Lewis-Fernández R, Balán IC, Patel SR, Sánchez-Lacay JA, Alfonso C, Gorritz M, Blanco C, Schmidt A, Jiang H, Schneier F, Moyers TB. Impact of motivational pharmacotherapy on treatment retention among depressed Latinos. Psychiatry. 2013 Fall;76(3):210-22. doi: 10.1521/psyc.2013.76.3.210.

*   Includes publications given by the data provider as well as publications identified by ClinicalTrials.gov Identifier (NCT Number) in Medline.
 
Completed
50
August 2006
August 2006   (final data collection date for primary outcome measure)

Inclusion Criteria:

  • Diagnostic Statistical Manual, 4th edition criteria for Major Depressive Disorder
  • Patients who self-identify as Hispanic and are Spanish-dominant, English-dominant, or bilingual
  • Acceptable methods of contraception
  • Hamilton Depression Rating Scale score >= 18 at Visit 1
  • Sertraline or venlafaxine ER is clinically appropriate

Exclusion Criteria:

  • History of schizophrenia, bipolar affective disorder, schizoaffective disorder, depression with psychotic symptoms, or organic brain syndrome
  • DSM-IV criteria for alcohol or substance abuse or dependence during the 6 months prior to screening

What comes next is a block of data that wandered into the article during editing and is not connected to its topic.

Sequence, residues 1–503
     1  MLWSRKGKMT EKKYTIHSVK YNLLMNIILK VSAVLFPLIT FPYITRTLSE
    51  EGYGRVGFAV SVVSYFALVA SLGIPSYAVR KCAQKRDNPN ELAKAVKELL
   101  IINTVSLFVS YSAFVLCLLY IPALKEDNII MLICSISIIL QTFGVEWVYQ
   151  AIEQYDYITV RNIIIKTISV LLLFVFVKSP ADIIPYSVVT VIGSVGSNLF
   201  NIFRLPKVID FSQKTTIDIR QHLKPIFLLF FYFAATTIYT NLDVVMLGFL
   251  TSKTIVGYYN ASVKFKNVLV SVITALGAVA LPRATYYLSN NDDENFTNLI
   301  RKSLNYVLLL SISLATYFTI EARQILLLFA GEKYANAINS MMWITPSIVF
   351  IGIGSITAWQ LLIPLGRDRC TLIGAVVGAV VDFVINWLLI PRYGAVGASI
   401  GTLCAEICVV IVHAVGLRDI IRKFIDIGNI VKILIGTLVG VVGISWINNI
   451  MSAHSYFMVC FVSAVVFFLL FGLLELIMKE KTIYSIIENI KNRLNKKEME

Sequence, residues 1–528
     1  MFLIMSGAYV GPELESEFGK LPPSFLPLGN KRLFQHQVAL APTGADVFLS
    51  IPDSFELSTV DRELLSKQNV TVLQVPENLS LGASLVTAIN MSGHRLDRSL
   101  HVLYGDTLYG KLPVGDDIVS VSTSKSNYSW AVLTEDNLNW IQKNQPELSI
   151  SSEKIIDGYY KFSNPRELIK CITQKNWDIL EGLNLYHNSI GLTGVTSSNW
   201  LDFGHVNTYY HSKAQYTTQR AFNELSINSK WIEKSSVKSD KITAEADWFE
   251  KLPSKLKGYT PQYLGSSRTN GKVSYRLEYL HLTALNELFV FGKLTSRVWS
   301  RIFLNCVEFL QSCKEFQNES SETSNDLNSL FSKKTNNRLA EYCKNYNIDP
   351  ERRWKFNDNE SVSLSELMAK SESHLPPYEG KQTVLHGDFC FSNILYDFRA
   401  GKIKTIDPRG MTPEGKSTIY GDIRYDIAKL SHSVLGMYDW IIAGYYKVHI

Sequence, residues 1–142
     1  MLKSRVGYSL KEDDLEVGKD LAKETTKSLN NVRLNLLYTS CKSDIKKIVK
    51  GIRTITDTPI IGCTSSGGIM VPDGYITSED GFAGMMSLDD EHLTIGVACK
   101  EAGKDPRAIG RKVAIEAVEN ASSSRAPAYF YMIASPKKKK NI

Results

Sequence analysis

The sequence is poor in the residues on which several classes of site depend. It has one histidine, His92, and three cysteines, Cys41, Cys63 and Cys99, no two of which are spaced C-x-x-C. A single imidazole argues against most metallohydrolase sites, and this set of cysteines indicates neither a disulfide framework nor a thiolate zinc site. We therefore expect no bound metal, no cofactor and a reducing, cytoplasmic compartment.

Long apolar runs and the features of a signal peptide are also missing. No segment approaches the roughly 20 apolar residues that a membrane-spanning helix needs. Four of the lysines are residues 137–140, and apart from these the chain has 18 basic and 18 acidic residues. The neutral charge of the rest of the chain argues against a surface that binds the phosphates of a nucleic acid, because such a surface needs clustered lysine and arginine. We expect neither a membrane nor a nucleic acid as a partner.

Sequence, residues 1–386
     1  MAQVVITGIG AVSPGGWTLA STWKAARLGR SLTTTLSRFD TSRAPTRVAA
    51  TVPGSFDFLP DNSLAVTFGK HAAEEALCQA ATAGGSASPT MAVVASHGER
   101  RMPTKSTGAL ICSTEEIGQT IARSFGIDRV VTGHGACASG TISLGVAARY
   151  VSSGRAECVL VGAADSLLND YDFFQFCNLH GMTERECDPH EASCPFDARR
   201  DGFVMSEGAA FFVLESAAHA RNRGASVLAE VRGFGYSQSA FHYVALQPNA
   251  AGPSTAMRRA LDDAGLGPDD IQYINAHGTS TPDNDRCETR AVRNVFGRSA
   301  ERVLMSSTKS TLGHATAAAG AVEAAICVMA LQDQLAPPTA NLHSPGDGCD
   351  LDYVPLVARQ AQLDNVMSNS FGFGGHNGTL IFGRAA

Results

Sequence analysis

• Pregnancy or breast-feeding
  • At risk for committing suicide
  • Clinically significant renal, pulmonary, cerebrovascular, cardiovascular, gastrointestinal, or endocrine disorders
  • Glaucoma, history of increased intraocular pressure (IOP), or at risk for having increased IOP
  • Untreated or unstable hypertension
  • Clinically significant laboratory abnormalities or abnormal electrocardiogram
  • Medical conditions that might interfere with the process of drug absorption, metabolism, or elimination
  • Clinically significant thyroid dysfunction (except patients who are stable and asymptomatic on thyroid replacement therapy)
  • Current or past history of seizure disorder (except febrile seizure in childhood)
  • History of failed sertraline or venlafaxine treatment for at least 4 weeks at adequate doses
  • Allergy or hypersensitivity to sertraline or venlafaxine
  • History of two failed selective serotonin reuptake inhibitor (SSRI) trials for major depression at adequate doses and duration
  • Monoamine oxidase inhibitors (MAOIs) or fluoxetine within 4 weeks prior to screening, or other SSRIs, antidepressants, neuroleptics, mood stabilizers, buspirone, benzodiazepines, or other psychotropic drugs (except zolpidem for insomnia) within 2 weeks prior to screening
  • Electroconvulsive Therapy (ECT) within the last 3 months
  • Effective medication or psychotherapy
Both
18 Years to 65 Years
No
Contact information is only displayed when the study is recruiting subjects
United States
 
NCT00057642
#4358, R21MH066388, DSIR SE-SC
No
New York State Psychiatric Institute
New York State Psychiatric Institute
National Institute of Mental Health (NIMH)
Principal Investigator: Roberto Lewis-Fernandez, MD Columbia University, NY State Psychiatric Institute
New York State Psychiatric Institute
September 2008

ICMJE     Data element required by the International Committee of Medical Journal Editors and the World Health Organization ICTRP